Following the diesel cheating devices in most diesel models, plug in hybrids appear to be the next major scam.
The Öko-Institut (Institute for Applied Ecology) is a non-profit, private-sector environmental research institute in Germany
Original German version is here
The boom in electric vehicles in Germany is currently driven substantially by the larger plug-in hybrids (PHEVs), with company cars accounting for more than three quarters of registrations. In the real world, these vehicles are driven much more frequently using their combustion engine and therefore emit far more CO2 than hitherto assumed in the calculations of German greenhouse gas emissions for 2030. This is one of the findings of a study conducted by ifeu – Institute for Energy and Environmental Research Heidelberg, the Oeko-Institut and Transport & Environment on behalf of the German Federal Ministry for the Environment, Nature Conservation and Nuclear Safety (BMU).
“Our calculations show that based on market projections, if electric driving shares remain as low as they are today, we can expect additional CO2 emissions of up to 4.3 million tonnes from plug-in hybrids in the transport sector in 2030,” says Ruth Blanck, a Senior Researcher at the Oeko-Institut. To put this into context, current estimates indicate that the CO2 target of 95 million tonnes for the transport sector for 2030 is likely to be exceeded by around 30 million tonnes.
These higher emissions are generally not included in existing scenarios on CO2 emissions trajectories for the transport sector; that is because exhaust emissions of PHEVs are calculated with reference to type-approval values. However, the real-world emissions are often significantly higher when compared to these values, especially for the heavier plug-in hybrids. This makes the already difficult task of reaching the 2030 climate target even more challenging.
The main reasons for the low electric driving shares in real-world operation are a lack of economic incentives for users to charge these vehicles and, especially in the case of company cars, the often high daily mileage and trip length. This is compounded in some cases by a lack of charging infrastructure both at home and at the workplace. Furthermore, due to their design, motorisation and weight, many PHEVs have above-average energy demand. Around one third of newly registered PHEVs are SUVs or all-terrain vehicles.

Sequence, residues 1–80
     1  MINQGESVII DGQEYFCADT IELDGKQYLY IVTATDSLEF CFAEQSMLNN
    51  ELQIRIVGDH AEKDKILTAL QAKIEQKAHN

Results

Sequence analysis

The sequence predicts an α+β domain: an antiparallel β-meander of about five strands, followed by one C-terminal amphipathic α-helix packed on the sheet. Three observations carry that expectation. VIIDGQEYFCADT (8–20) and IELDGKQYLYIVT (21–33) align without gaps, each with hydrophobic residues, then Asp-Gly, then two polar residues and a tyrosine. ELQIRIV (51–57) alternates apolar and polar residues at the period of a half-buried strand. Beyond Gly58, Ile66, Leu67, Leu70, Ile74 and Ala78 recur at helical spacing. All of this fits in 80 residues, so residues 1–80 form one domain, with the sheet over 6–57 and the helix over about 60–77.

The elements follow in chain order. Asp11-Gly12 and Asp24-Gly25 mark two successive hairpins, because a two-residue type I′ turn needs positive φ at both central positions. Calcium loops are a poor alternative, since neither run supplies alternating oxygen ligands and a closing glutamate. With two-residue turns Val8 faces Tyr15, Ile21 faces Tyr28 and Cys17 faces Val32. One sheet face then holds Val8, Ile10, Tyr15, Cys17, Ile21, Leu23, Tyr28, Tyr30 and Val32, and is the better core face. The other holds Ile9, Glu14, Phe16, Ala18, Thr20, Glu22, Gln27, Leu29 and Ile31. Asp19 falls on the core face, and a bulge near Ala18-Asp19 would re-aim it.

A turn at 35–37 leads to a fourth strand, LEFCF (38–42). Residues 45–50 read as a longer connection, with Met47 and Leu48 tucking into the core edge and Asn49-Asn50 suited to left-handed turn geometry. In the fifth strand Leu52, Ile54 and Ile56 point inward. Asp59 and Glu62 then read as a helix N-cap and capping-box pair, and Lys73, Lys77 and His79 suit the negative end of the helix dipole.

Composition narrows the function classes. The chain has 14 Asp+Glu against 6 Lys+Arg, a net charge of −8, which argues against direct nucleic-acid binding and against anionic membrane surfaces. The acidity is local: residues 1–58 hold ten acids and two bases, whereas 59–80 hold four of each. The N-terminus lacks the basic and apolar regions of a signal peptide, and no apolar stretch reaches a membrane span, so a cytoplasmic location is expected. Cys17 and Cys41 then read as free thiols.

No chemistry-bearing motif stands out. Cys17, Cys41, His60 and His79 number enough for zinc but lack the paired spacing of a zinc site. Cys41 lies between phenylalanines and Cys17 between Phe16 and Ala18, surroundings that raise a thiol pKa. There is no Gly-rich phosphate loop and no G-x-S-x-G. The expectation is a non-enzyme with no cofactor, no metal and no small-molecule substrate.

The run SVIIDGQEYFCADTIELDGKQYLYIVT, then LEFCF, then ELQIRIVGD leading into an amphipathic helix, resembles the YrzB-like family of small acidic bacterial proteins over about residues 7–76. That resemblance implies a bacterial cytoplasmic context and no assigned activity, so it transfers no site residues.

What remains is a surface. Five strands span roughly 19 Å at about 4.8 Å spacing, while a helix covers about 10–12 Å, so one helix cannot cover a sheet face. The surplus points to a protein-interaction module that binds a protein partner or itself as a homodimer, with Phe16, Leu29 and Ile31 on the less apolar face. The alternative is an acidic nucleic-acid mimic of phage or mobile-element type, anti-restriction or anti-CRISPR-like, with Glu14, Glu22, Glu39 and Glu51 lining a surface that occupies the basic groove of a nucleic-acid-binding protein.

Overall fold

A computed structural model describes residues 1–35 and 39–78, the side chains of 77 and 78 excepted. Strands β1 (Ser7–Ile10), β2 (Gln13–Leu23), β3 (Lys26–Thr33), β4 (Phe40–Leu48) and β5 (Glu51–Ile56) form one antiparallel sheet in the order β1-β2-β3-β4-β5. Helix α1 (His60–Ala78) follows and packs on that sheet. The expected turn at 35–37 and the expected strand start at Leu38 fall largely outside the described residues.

Inadequate battery capacity and electric motors for company cars
In many cases, the battery capacity of these heavy vehicles is insufficient for the required daily mileage. What’s more, even if the battery is fully charged, the combustion engine kicks in frequently in order to achieve higher accelerations or speeds. The reason is that only around 30% of the maximum system output is attributable to the electric motor, which cannot provide enough drive power on its own. However, if the vehicles are charged using low-carbon electricity and driven efficiently and mainly in electric mode, their CO2 emissions are substantially reduced.
Real-world tailpipe emissions for an average PHEV in 2030 are projected at around 130 g/km, whereas the fleet target is roughly 60 g/km.
“Under current conditions, continuing to ramp up the market for plug-in hybrids puts Germany’s 2030 climate targets for the transport sector at risk. From an environmental perspective, the support provided – in the form of purchase premiums and tax rebates – needs to be reviewed as a matter of urgency,” says project leader Julius Jöhrens from ifeu.
Daily charging is key for the carbon footprint
As for the carbon footprint, a disciplined approach to charging pays off, particularly for privately owned PHEVs. If all private PHEVs were charged every day, the CO2 emissions reductions assumed in the projections for this vehicle group for 2030 would be broadly correct.
For company cars, real-world CO2 emissions would still be twice as high in 2030 compared to the standard test values even with the most optimistic assumptions about users’ charging discipline. Here, much higher electric ranges are needed to improve the situation.
“Subsidies for PHEVs should be tied to stringent criteria relating to electric range, electric output and proof of access to infrastructure for regular charging of the vehicle,” Julius Jöhrens explains. Financial incentives should also be provided to make driving in electric mode a more attractive option for users.
“If the support scheme continues in its current form, we run the risk that a large number of PHEVs with a very low real-world electric range will remain in the fleet over a number of years, achieving very limited electric driving shares even with disciplined charging,” says Julius Jöhrens.